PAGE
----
CAPPA employs Electron Microscopy for carrying out high resolution imaging to aid photonic device understanding and development as well as for product and process analysis for a wide variety of samples. A Scanning Electron Microscope [SEM] is analogous to an optical microscope but instead of illuminating the sample with light it images the sample surface by raster scanning it with a high-energy beam of electrons. The electrons interact with the atoms that make up the sample producing signals that contain information about the sample’s surface topography as well as composition.
The centre’s Hitachi S-3700 Microscope is a Variable Pressure or Environmental SEM [ESEM]. This allows the system to perform low vacuum imaging (6 to 270 Pa) which enables observation of non-conductive samples like electronic components, and water containing samples such as cultured cells, without any sample preparation. In addition the S-3700N has an extremely large chamber which is able to accommodate specimens up to 300mm in diameter and 110mm in height (approx. 12×4 inches). For smaller samples the chamber size facilitates large stage traverse meaning that any area on the specimen can be imaged without the need to remove and remount. Magnification is up to x300,000 with a resolution of 3-4nm depending on the vacuum and detector. The system has both a Secondary Electron [SE] Detector which provides topographical information and a Back Scatter Electron [BSE] detector which gives both elemental and topographic information. In addition there is an Environmental Secondary Electron Detector [ESED] which can be used in Variable Pressure mode as a standard SE detector has reduced performance in low vacuum.
The three images below show the flexibility of the system. The top image is of a conducting sample while the bottom two are both non-conducting. Each sample is imaged in its native form with no sample preparation or additional conductive coating. The Gold particles [Top], as expected for a typical conductive sample, can be imaged with the SE detector at high vacuum leading to the highest resolution [3nm]. The rubber adhesive sample [Middle] can be imaged successfully without any coating. The bottom image is the most challenging sample shown and is beyond the capabilities of standard SEMs. The sample is a daisy flower which is fully hydrated and imaged at x1k magnification to show the pollen grains and structure. Through control of the chamber pressure as well as the stage temperature the sample can be kept hydrated during imaging to preserve the natural physical structure and composition. Additionally through control or pressure and/or temperature the sample can be dehydrated and the physical effects studied and understood.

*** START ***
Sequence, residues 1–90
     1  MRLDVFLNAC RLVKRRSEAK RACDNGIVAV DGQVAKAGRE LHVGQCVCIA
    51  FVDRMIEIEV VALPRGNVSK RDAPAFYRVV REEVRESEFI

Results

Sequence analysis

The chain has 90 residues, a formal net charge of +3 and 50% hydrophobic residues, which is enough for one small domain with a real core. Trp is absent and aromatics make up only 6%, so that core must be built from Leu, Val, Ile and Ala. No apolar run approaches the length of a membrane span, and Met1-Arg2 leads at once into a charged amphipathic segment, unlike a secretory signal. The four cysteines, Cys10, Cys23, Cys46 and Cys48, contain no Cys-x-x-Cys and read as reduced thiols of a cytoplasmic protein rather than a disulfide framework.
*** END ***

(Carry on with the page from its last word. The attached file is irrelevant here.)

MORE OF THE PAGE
This is a Secondary Electron image of gold particles with a resolution of 3nm.
This is a Back Scatter Electron image of a rubber adhesive pad successfully imaged without surface charging, despite having no conductive coat applied.
This is a Back Scatter Electron image of a daisy flower under low vacuum conditions showing the pollen structure. Such images cannot be achieved in a standard SEM.
In an SEM the amount of backscattered electrons and their direction varies with the composition and topography of a specimen. CAPPA’s system has a multi-segment BSE detector which in conjunction with image reconstruction software can create 3-D profiles without movement or tilt of the sample. Below are images showing the reconstruction of the 3-D profile of the rubber sample shown above in the previous section. Each individual segment of the detector can be individually addressed to give images from different aspects without moving the sample. The depth and contours of the surface crater have been imaged in turn by each BSE segment to produce four different viewpoints [Middle]. The software can then reconstruct the 3-D profile based on the different segment images [Bottom].
Full BSE Image
This is the same BSE image as shown above. The image is collected with all segments of the detector being addressed.
Each segment of the BSE detector is addressed singly to produce an image. This results in four different images each from a different aspect. As can be seen each image has a different shadowing.
Taking each individual segment image the software can use the different viewpoints to reconstruct the contours of the surface. This results in a 3-D profile of the surface which can be easily manipulated.